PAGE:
Former Managing Director of the Turning Torso skyscraper in Sweden, Johnny Örbäck, once stated the following “hierarchy of needs” (in an episode of Extreme Engineering): what we need is Love, Food and a Beautiful Place to Live.
In that very order!
I like this vision of priorities better than the unnecessarily linear “hierarchy of needs” by Maslow in which the satisfaction of physiological and logistical needs precedes the emergence of relational and existential preoccupations.
Örbäck’s “hierarchy of needs” also reminds me of Fyodor Dostoevsky’s statement in the Idiot: “Beauty will save the world.”
“No particle is still, each jerks about erratically, making tiny dashes hither and yon only perpetually to bounce back again. It looks perhaps like a milling crowd or a crowded dance floor seen from high above, or like a swarm of darting midges; and it is indeed a manifestation of, and the most direct evidence for, the deathless dance of molecules.” (1)
We are made of this Brownian motion and commotion.
Sit still for a moment.
Meditate on the dance that you are.
(1) R. W. Gerard, Unresting Cells, 1940.
in the pause between breaths.
Death is so funny, Ghost of Desire.
The West is in a constant war with reality: perpetually dissatisfied with what is, we are desperately trying to perfect it. This one and only reality seems never enough and we feel ever entitled to more: bigger houses, bigger (hybrid) cars, bigger (Anime-sized) eyes, bigger market shares, bigger tax deductions, bigger incomes, bigger bonuses, bigger breasts, bigger penises, bigger egos, and bigger wars. We have been culturally programmed to endlessly optimize and supersize, and to constantly perfect ourselves and everyone else around us.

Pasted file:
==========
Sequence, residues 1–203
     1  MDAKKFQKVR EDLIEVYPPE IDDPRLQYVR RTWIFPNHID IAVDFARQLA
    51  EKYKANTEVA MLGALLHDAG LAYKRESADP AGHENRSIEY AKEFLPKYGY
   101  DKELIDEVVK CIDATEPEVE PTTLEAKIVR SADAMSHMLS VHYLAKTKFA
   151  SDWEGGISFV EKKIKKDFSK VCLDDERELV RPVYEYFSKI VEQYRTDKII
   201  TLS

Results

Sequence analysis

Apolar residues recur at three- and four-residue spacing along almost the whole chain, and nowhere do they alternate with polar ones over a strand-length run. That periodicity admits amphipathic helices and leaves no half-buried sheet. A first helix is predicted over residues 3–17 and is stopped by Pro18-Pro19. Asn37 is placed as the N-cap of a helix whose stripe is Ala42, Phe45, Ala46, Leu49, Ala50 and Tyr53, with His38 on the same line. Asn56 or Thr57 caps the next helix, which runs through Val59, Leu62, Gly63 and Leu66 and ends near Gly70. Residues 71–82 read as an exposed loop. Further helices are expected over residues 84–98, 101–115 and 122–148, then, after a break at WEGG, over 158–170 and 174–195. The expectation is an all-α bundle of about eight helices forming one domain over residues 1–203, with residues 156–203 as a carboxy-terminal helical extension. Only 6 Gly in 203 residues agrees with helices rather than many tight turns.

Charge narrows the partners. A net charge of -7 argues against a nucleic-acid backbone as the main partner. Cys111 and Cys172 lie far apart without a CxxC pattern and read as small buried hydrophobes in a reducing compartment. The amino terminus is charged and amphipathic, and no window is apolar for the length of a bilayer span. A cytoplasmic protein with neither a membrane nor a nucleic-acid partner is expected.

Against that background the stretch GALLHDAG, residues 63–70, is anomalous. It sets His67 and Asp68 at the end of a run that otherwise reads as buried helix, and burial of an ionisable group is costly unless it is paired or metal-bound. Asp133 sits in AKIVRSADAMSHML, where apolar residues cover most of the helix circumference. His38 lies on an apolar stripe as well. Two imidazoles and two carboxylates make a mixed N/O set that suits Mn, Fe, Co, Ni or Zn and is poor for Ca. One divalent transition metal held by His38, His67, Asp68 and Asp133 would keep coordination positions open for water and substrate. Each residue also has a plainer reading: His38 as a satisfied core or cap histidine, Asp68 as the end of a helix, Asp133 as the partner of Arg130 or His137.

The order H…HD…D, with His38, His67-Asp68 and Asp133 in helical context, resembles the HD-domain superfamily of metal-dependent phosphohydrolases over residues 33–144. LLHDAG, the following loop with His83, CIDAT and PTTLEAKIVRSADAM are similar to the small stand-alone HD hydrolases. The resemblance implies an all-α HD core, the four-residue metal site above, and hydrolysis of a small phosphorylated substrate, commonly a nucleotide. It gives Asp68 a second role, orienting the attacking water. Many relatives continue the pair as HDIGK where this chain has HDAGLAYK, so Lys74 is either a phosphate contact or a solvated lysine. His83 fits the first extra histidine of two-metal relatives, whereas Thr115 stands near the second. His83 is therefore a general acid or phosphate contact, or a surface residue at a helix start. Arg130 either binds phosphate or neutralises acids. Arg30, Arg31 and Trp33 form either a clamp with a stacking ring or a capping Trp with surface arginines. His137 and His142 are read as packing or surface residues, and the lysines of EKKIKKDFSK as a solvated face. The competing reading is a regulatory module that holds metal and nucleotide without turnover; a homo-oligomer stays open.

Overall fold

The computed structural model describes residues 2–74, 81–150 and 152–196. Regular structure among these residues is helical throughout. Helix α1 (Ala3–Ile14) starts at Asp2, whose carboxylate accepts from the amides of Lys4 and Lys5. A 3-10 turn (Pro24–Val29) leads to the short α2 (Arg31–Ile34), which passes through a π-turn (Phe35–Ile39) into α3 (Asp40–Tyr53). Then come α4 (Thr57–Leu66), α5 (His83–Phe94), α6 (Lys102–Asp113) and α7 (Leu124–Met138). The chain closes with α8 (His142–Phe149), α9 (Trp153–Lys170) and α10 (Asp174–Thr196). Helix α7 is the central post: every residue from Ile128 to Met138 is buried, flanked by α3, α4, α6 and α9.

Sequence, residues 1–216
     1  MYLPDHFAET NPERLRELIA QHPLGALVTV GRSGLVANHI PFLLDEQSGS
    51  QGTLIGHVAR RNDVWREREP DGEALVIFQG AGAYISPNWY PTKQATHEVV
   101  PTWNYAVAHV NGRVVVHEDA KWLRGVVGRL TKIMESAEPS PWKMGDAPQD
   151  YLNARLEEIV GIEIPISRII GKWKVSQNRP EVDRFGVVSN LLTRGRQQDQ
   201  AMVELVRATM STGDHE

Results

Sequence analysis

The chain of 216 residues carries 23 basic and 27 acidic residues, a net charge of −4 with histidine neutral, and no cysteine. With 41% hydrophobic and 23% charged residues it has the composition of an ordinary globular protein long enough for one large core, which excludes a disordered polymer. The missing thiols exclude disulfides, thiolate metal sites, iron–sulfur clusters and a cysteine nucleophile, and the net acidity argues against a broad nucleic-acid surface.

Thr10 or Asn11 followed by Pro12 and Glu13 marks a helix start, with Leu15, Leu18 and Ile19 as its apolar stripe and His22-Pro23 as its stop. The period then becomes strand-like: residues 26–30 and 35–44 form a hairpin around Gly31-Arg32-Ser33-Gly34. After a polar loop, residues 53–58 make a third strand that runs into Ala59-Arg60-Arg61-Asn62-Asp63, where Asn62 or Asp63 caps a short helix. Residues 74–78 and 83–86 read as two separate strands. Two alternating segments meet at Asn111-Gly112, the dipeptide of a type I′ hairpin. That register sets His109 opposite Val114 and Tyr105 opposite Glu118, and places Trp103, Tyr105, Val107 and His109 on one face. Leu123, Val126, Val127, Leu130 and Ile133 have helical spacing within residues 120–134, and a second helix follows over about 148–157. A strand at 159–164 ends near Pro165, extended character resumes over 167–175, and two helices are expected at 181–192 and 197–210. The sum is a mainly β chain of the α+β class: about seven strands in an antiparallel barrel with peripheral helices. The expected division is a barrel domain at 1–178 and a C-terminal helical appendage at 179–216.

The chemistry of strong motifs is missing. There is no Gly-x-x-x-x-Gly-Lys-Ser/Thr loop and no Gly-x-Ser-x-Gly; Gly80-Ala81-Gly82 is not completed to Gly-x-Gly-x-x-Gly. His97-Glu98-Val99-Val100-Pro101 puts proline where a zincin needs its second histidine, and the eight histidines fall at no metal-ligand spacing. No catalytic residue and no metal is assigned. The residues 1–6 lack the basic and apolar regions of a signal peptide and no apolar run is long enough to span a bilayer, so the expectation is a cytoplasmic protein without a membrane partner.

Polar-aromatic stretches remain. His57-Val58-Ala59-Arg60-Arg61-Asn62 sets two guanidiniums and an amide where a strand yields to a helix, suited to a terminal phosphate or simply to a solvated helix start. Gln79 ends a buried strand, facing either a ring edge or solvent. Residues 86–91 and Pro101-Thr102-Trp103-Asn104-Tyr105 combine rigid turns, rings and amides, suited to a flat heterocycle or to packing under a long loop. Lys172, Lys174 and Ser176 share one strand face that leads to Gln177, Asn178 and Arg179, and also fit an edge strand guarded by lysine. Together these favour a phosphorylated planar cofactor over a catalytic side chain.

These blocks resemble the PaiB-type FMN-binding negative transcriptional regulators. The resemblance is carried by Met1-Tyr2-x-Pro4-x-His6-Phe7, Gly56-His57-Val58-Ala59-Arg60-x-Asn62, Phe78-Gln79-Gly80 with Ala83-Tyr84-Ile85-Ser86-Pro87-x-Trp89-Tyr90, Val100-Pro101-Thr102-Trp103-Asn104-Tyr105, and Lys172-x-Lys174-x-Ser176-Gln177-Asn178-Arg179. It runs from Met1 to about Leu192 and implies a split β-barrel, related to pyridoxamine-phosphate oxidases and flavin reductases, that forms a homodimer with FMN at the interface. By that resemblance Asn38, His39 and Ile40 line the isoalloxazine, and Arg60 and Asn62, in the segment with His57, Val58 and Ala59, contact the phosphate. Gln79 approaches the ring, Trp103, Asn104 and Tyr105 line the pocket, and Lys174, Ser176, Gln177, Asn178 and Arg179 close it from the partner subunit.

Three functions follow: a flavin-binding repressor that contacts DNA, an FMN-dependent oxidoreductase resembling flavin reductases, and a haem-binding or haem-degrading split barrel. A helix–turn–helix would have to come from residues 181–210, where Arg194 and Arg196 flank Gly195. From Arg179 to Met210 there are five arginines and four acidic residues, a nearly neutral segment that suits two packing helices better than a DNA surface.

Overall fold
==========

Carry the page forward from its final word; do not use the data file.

Our appetite for more has been kindled to the level of insatiability. No wonder we feel psychologically starved and existentially empty.
We have been taught to chase the unattainable: to be more than what we are at any given point in time. We are a culture of idealistically naive strivers unable to be content with what is if only for a moment. This absurdly unrealistic goal (to be more than what we are at any given point in time) comes with the high cost of psychological dependence. Feeling chronically imperfect, we sell out for reassurance, validation and approval. Feeling chronically incomplete, we compete in consumption and stuff ourselves beyond measure.
This chronic deficit of self-acceptance becomes a matter of national deficit and undermines the socio-political independence of our society. Long-term sovereignty of a nation rests with psychological independence of its constituents. A nation of psychologically insecure denizens is at war with itself, and is, thus, divided.